Another footnote

[Note: the first time I tried to post this this morning, it crashed.  I’ve never had that happen with Word Press.  Makes me wonder how important this post may be for one of you . . .]

I recently posted about a footnote that had grabbed me.  The other night–the eve of Divine Mercy Sunday–some of us were talking about another footnote–no. 52 to be exact, in Blessed (!) John Paul II’s encyclical, Rich in Mercy–and its impact on each of us.  I remember exactly where I was when I first read it and how profound I found it.  May his insights into the Old Testament use of the words for mercy shape your minds and hearts:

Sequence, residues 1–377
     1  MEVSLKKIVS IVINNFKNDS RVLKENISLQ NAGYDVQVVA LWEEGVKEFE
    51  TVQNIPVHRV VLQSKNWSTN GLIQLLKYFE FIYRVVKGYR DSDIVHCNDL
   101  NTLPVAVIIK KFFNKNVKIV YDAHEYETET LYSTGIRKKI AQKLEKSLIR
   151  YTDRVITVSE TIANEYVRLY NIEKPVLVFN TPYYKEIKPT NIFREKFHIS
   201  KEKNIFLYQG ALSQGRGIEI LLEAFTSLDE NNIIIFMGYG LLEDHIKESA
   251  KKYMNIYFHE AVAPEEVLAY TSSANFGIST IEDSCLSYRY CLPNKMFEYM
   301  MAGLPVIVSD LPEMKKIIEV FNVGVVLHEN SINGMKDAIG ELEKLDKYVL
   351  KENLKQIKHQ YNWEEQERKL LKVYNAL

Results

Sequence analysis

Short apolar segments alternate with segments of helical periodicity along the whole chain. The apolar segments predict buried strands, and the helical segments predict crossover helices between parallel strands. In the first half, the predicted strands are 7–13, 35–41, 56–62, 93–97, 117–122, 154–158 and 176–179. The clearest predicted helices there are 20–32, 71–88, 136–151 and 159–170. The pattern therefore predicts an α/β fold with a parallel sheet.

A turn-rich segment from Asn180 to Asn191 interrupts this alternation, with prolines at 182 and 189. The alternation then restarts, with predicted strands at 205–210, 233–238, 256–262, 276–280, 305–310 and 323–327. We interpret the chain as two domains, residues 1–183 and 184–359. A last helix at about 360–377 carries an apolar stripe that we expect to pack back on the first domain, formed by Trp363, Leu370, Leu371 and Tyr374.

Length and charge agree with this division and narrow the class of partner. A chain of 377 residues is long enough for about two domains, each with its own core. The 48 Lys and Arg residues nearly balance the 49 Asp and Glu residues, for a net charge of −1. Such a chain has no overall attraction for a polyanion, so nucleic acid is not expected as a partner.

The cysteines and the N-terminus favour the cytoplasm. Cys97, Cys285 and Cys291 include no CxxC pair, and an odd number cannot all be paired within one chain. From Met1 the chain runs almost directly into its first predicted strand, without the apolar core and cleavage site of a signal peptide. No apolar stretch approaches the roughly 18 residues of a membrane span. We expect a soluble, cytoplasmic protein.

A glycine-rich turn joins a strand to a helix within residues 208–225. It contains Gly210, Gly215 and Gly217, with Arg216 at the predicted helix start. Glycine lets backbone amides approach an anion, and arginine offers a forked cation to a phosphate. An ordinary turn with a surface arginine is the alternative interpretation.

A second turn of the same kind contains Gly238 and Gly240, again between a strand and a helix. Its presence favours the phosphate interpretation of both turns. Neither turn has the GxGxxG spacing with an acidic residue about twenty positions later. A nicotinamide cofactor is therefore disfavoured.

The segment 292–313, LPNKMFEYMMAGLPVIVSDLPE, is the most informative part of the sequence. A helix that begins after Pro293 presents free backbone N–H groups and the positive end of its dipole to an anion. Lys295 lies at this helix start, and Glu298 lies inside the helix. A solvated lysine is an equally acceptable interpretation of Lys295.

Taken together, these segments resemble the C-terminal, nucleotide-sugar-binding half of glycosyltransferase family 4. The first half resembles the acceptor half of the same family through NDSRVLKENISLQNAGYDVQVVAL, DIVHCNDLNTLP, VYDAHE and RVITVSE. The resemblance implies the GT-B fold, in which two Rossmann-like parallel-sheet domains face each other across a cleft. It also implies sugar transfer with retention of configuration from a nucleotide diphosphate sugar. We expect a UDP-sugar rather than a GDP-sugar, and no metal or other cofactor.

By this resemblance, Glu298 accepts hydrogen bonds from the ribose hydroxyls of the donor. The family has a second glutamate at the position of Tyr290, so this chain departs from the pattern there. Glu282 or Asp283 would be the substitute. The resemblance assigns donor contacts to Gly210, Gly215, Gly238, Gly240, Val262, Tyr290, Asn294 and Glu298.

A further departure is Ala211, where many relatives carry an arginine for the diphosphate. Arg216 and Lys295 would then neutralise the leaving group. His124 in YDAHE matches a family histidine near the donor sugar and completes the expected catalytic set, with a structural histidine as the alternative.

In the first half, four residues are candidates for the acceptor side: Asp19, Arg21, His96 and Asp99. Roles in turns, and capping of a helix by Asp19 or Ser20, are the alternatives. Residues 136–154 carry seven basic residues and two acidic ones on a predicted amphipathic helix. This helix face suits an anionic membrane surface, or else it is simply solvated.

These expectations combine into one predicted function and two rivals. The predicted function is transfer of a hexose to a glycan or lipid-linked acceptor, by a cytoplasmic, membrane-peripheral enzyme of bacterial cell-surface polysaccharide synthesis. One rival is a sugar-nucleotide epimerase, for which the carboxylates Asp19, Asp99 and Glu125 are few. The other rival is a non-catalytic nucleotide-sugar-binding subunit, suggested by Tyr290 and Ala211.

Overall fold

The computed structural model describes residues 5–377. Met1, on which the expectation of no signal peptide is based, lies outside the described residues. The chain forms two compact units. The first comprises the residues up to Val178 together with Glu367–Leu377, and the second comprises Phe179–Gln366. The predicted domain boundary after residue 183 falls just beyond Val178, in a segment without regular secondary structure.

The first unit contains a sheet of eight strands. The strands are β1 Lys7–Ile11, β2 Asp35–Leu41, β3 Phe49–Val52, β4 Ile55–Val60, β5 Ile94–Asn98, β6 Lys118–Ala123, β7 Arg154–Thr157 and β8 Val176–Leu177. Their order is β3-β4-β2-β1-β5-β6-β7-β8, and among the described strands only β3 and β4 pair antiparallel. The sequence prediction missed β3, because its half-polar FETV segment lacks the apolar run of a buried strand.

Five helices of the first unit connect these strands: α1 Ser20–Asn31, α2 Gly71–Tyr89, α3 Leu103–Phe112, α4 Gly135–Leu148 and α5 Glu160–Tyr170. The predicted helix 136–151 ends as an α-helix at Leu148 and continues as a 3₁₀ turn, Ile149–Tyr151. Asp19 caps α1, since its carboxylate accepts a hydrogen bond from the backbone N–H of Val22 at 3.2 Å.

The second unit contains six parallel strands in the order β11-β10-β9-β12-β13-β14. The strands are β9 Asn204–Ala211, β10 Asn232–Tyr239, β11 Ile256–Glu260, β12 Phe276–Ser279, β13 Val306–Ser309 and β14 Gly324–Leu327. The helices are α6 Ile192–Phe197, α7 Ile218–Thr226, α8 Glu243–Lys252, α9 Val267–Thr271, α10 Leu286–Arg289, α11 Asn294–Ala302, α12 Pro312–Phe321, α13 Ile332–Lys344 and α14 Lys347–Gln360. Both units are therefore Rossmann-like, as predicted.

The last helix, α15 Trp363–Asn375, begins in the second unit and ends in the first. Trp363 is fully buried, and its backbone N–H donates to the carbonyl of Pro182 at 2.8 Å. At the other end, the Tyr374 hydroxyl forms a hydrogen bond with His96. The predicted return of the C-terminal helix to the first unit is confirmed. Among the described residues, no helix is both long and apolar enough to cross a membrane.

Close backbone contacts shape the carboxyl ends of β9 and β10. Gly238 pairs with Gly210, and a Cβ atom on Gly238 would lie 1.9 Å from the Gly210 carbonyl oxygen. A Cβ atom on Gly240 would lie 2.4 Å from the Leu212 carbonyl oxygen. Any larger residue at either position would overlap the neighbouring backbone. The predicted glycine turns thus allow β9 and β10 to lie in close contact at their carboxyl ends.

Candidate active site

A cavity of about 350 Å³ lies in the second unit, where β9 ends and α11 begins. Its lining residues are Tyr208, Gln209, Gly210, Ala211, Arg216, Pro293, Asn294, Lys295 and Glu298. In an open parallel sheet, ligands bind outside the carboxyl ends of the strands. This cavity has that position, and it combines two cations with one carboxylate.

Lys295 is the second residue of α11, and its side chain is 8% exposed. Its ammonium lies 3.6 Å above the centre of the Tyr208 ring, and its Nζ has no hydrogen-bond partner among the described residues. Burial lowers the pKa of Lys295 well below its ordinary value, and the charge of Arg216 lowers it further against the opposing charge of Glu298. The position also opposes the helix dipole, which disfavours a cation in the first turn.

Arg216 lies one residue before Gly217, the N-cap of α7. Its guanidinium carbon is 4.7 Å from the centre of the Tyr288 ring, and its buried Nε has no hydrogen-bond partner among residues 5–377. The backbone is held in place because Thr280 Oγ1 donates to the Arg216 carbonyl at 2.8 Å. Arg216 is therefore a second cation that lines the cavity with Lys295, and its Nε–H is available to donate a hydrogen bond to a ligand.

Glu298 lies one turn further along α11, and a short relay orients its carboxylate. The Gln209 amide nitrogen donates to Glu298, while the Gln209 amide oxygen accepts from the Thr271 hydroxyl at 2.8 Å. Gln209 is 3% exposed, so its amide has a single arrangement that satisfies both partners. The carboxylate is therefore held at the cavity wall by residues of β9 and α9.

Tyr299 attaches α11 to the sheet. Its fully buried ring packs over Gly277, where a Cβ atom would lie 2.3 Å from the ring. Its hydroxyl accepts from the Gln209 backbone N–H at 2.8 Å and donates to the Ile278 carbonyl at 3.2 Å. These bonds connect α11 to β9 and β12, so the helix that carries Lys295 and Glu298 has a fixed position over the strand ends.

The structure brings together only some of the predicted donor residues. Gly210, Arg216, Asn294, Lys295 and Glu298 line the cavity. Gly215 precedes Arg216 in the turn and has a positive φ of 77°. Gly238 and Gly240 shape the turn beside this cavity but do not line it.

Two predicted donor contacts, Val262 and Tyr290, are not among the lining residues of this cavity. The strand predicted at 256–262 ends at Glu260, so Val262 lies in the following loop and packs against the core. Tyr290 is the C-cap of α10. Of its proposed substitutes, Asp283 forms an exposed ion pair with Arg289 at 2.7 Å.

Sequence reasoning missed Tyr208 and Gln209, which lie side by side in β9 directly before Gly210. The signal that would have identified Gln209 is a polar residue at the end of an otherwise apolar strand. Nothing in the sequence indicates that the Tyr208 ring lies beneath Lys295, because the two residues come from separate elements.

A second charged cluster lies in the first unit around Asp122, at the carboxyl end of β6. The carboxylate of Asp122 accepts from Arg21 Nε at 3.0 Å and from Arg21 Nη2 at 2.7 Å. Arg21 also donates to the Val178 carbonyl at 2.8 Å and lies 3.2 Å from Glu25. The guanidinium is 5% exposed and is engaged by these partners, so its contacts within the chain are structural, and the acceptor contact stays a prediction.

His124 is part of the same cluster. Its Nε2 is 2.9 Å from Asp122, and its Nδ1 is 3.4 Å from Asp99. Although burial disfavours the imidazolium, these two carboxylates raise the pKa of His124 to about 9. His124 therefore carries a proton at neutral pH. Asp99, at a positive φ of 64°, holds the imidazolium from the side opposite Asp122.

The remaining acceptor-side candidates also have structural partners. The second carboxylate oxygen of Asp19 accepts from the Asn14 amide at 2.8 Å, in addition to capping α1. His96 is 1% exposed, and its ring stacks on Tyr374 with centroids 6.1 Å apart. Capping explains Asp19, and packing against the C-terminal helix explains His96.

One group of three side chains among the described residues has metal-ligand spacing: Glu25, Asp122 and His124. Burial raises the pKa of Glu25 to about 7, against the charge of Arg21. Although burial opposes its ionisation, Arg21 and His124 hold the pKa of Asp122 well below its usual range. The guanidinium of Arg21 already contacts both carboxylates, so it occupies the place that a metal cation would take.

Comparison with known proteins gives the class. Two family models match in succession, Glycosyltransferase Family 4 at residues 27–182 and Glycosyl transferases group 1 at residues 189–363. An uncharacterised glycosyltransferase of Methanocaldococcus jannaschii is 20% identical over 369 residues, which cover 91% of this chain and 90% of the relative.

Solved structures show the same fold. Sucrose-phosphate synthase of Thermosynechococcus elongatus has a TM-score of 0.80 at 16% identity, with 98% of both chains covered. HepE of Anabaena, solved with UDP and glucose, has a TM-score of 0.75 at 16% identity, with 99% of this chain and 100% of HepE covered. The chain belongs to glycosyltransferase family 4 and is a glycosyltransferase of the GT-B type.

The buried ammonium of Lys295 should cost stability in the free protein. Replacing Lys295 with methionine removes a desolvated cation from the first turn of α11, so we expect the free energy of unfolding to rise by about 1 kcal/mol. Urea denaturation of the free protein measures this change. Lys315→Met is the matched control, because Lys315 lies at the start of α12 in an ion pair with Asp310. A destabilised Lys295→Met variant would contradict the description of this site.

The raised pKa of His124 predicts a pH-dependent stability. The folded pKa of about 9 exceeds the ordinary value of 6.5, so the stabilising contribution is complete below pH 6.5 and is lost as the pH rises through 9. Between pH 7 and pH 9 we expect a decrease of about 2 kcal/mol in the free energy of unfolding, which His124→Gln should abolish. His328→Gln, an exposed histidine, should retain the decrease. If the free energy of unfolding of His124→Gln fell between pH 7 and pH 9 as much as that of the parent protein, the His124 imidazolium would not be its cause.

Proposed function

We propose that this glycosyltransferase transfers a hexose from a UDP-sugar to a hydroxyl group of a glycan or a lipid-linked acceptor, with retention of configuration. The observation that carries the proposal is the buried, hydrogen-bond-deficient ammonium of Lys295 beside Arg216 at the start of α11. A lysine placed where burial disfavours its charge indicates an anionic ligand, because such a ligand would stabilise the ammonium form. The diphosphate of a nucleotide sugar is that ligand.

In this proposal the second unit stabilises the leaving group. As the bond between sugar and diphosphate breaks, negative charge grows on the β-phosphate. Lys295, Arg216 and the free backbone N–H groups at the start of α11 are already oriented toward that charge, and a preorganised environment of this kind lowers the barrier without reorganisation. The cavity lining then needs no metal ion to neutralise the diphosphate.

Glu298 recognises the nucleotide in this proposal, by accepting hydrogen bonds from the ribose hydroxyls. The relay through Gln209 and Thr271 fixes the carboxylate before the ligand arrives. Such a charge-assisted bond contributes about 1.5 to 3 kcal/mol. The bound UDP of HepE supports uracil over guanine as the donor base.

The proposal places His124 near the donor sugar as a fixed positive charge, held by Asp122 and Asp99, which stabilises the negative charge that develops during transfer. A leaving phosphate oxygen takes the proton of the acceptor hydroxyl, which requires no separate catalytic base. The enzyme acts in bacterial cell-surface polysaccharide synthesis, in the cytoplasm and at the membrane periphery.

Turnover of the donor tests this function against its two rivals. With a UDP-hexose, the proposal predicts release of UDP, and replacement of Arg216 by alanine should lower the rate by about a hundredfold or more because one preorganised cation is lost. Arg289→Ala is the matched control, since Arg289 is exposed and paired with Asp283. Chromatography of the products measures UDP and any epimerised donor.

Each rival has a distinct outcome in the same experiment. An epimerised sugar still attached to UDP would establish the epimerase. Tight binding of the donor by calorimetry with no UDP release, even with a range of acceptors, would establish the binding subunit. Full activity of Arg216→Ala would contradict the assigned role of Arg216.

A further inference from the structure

“In describing mercy, the books of the Old Testament use two expressions in particular, each having a different semantic nuance. First there is the term hesed, which indicates a profound attitude of “goodness.” When this is established between two individuals, they do not just wish each other well; they are also faithful to each other by virtue of an interior commitment, and therefore also by virtue of a faithfulness to themselves. Since hesed also means “grace” or “love,” this occurs precisely on the basis of this fidelity. The fact that the commitment in question has not only a moral character but almost a juridical one makes no difference. When in the Old Testament the word hesed is used of the Lord, this always occurs in connection with the covenant that God established with Israel. This covenant was, on God’s part, a gift and a grace for Israel. Nevertheless, since, in harmony with the covenant entered into, God had made a commitment to respect it, hesed also acquired in a certain sense a legal content. The juridical commitment on God’s part ceased to oblige whenever Israel broke the covenant and did not respect its conditions. But precisely at this point, hesed, in ceasing to be a juridical obligation, revealed its deeper aspect: it showed itself as what it was at the beginning, that is, as love that gives, love more powerful than betrayal, grace stronger than sin.